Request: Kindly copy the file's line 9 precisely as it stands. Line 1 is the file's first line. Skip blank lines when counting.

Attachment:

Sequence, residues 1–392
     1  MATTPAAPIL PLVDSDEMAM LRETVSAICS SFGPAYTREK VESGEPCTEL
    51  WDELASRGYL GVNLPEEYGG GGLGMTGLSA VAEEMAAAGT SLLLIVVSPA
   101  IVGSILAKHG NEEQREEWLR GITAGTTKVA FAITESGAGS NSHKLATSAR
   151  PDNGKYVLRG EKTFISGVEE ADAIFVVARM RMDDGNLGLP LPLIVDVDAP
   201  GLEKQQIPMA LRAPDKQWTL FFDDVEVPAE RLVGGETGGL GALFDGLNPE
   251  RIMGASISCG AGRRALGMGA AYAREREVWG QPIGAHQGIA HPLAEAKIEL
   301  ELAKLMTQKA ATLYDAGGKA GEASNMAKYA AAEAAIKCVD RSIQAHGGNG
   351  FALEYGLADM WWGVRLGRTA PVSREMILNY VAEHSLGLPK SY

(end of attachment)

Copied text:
   351  FALEYGLADM WWGVRLGRTA PVSREMILNY VAEHSLGLPK SY